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Of course when you have kids a good amount of clutter and chaos will occur. This is something I’ve been learning to deal with for the past 6 years (some days I still lust for pre-child minimalism). But what I can’t handle is when paper spills from the craft table and it finds its way on to the fridge, jams drawers, hangs loosely from bedroom doors, and even gets tacked to office walls because there’s no where else for it to go.

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So about every two weeks I do a secret sweep where piles of papers with layers of stickers, and coloured shapes get put in the recycling bin. It’s not that I don’t value their art. For each and every piece that is handed to me I take the time to admire and acknowledge the work that went in to it. It’s just when that piece is quickly replaced by another, and then another, it’s like being consumed by a Crayola tsunami.

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One solution to show appreciation, but keep from drowning in paper, is the kid art wall in our playroom, which is currently featuring “The Ninja Series” by Jack Archer Walsh. This lets the kids pick their favourite pieces for display, and gives mom some peace of mind. Admission is free by the way.

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Bakin’ (or Bacon) For Dad

As a kids we all made those “wonderful” hand-created gifts for our dads on Father’s Day. From popsicle stick art, to finger-painted #1 DAD mugs, dads would accept these treasures no matter how lopsided, over-glued, or poorly spelled.

While I’m carrying on the tradition of kid-inspired gifts with Jack and Noah for their dad, I’m baking up something a little different for mine. To quote the Pillsbury Doughboy (yes, I’m quoting a foodie flashback), “Nothing says lovin’ like something from the oven,” so for this Father’s Day I’m bakin’ Peanut-Butter, Chocolate-Chip Bacon Cookies, a recipe originally from The Food Network Magazine.

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Since I’ve only just started blogging I’ll be part way through a recipe, and realize, “Hey, this would make a good post.”  I apolozige that there are no step-by-step images for this recipe – although who really needs to see boring bowls of flour and baking soda. So I started this post with the good stuff – the bacon.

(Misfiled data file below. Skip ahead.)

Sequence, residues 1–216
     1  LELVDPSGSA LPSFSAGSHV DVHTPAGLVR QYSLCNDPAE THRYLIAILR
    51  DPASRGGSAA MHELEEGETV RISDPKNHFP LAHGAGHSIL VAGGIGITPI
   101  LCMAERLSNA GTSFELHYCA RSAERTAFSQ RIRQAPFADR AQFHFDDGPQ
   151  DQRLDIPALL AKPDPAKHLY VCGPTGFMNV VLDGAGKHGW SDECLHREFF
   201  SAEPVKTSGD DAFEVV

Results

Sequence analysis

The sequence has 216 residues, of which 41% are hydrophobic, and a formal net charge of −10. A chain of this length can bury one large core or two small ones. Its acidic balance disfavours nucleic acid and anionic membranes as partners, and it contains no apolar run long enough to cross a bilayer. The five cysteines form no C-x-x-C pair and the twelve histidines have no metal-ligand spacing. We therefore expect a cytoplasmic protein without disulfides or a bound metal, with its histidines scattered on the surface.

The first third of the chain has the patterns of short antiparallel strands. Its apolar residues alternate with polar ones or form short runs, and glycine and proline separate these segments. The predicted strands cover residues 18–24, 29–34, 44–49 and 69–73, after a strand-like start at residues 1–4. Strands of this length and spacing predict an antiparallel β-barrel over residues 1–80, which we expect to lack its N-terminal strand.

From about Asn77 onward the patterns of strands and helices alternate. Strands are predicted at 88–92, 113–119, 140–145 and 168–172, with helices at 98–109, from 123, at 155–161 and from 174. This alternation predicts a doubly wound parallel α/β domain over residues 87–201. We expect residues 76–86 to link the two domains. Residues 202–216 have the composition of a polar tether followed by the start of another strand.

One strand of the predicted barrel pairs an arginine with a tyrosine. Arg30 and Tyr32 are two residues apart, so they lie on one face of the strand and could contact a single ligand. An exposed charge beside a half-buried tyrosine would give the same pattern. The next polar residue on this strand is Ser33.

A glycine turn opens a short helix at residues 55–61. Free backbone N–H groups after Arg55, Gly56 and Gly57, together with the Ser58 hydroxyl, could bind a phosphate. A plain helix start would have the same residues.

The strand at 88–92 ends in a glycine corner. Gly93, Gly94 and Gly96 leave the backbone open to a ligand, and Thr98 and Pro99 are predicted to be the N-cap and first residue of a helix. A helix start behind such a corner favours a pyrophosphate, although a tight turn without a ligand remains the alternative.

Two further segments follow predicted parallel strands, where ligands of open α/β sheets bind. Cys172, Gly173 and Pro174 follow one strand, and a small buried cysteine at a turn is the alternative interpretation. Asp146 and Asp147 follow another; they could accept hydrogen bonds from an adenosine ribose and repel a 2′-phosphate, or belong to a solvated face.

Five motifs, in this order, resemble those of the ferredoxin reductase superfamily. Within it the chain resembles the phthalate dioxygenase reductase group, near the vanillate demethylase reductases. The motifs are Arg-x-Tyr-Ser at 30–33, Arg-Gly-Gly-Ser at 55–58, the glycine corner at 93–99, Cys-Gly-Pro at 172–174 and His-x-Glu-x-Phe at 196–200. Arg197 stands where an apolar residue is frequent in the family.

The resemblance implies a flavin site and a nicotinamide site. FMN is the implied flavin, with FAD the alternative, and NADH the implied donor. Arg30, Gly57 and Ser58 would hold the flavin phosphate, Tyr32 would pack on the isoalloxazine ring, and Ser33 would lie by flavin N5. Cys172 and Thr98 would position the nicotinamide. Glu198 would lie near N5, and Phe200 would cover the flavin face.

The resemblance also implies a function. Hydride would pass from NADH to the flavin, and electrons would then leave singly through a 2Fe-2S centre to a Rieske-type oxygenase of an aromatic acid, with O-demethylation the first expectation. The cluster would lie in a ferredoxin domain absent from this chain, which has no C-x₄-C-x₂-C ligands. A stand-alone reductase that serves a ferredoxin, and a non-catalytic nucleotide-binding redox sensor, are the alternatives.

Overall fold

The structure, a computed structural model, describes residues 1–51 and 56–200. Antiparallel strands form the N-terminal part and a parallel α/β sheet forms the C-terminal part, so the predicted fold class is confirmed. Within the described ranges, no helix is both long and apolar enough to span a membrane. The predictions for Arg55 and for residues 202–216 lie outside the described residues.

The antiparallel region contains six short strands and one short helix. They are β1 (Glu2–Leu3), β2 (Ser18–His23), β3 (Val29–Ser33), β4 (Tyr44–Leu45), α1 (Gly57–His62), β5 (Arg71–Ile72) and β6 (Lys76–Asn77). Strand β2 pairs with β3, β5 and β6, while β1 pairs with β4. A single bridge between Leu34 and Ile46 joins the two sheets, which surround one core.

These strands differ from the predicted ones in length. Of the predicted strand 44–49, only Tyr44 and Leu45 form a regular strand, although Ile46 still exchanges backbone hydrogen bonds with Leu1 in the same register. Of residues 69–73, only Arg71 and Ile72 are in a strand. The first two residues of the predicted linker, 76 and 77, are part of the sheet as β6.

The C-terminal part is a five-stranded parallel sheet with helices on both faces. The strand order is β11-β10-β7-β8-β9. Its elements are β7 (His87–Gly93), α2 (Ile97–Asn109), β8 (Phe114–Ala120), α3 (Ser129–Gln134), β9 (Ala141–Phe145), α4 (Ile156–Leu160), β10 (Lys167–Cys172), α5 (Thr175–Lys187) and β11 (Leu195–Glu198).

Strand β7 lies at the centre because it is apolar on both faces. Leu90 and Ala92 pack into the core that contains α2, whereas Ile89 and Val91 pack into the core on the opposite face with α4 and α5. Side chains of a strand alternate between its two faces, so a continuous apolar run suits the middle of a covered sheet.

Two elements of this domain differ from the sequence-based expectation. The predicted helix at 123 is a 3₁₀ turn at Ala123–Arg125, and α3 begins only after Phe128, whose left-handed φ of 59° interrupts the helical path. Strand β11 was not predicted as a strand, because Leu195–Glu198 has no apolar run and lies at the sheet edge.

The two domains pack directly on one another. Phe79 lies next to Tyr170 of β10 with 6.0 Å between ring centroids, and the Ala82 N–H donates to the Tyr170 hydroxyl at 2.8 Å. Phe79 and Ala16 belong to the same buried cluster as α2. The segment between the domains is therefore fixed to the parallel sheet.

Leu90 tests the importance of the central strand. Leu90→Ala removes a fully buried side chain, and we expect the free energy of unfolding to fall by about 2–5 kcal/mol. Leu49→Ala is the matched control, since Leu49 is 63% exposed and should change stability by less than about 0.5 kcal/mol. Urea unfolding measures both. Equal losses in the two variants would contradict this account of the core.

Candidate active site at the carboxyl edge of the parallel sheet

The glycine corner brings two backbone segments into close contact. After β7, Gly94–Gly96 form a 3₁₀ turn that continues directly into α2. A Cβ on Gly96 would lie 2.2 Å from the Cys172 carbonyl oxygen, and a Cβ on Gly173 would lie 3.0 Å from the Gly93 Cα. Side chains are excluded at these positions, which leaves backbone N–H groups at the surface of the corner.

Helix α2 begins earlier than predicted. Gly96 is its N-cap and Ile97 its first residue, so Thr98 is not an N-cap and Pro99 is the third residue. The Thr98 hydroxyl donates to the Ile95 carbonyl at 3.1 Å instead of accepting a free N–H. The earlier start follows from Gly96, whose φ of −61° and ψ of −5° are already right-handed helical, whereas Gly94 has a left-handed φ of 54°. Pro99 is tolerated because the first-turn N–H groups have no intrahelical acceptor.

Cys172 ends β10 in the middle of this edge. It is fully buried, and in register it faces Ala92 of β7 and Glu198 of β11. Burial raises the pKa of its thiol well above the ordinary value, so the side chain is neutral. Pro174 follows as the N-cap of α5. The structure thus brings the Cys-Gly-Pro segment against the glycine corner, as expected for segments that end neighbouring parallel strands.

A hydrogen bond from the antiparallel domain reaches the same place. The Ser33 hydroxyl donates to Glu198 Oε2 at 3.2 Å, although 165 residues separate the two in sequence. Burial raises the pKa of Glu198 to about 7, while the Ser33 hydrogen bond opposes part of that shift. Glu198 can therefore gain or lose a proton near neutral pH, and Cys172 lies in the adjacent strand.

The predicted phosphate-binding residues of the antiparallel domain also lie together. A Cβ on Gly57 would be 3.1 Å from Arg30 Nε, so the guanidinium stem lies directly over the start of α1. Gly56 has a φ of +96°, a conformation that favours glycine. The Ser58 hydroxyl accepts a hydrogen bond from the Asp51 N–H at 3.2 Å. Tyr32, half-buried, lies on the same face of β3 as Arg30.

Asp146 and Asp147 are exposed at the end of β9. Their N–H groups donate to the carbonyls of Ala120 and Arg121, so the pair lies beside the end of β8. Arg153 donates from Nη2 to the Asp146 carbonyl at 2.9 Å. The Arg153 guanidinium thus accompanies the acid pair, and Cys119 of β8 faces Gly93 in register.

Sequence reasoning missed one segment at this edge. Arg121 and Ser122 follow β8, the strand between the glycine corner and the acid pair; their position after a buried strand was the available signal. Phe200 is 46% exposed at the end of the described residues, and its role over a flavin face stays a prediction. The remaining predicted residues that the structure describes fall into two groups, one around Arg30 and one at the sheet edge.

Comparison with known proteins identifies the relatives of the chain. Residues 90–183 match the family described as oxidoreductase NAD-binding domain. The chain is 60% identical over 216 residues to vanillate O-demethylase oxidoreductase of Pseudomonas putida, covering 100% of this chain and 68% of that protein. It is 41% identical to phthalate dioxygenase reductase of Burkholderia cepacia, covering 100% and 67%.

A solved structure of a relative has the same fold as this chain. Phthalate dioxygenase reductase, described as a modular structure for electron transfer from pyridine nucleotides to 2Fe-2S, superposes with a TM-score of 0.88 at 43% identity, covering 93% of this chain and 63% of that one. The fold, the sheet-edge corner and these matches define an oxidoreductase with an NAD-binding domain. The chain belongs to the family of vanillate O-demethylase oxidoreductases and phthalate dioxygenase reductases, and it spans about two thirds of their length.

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After you’ve mixed your batter with the beaters it will be fairly crumbly. Not to worry. Once you stir in the bacon, chocolate chips, and honey roasted peanuts you’ll form the dough into balls, and press them firmly onto the pan. Make sure to leave some extra crumbled bacon and chocolate chips to press into the tops of the cookies.

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After about 14 minutes at 350 degrees, you’ve got 12 sweet and salty snacks that your dad will truly love (not like that goofy golf card you bought him that one year). Get the full recipe here.

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Happy Father’s Day. Hope your day is as sweet as my dad’s ‘stash, and my perm from this circa early-90s photo.

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Stacks of Skulls

If you know me, you know I have a love of skulls. It’s kind of become “my thing” over the years.

My mom will tell you I always liked things that were “a little different,” but I can’t for certain tell you why I began my cranial collection. It has nothing to do with being morbid. It doesn’t hold any meaning (although I do love the subtext of La Calavera Catrina). To me it’s simply edgy fashion.

And, when I think skulls meets fashion, I think of one man – Alexander McQueen. Since Kate Moss first wore that iconic print in 2004, the gothic romantic designer reworked it through many of his collections and jewelry lines.

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But no piece procured a cult-following like the skull print scarf, which still gets re-invented every season with different colours, print techniques, and fabrics. While I have yet to own one (someday, someday…), I have picked up several look alike pieces, and branched beyond into blouses, bags, and books (not for reading, purely for aesthetics).

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When it comes to skulls my one rule is keep the rest soft. My all time favourite skull piece shows this juxtaposition perfectly.

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Nothing like a sweet, soothing baby Jack to off-set this print.

Like skulls? How do you wear them?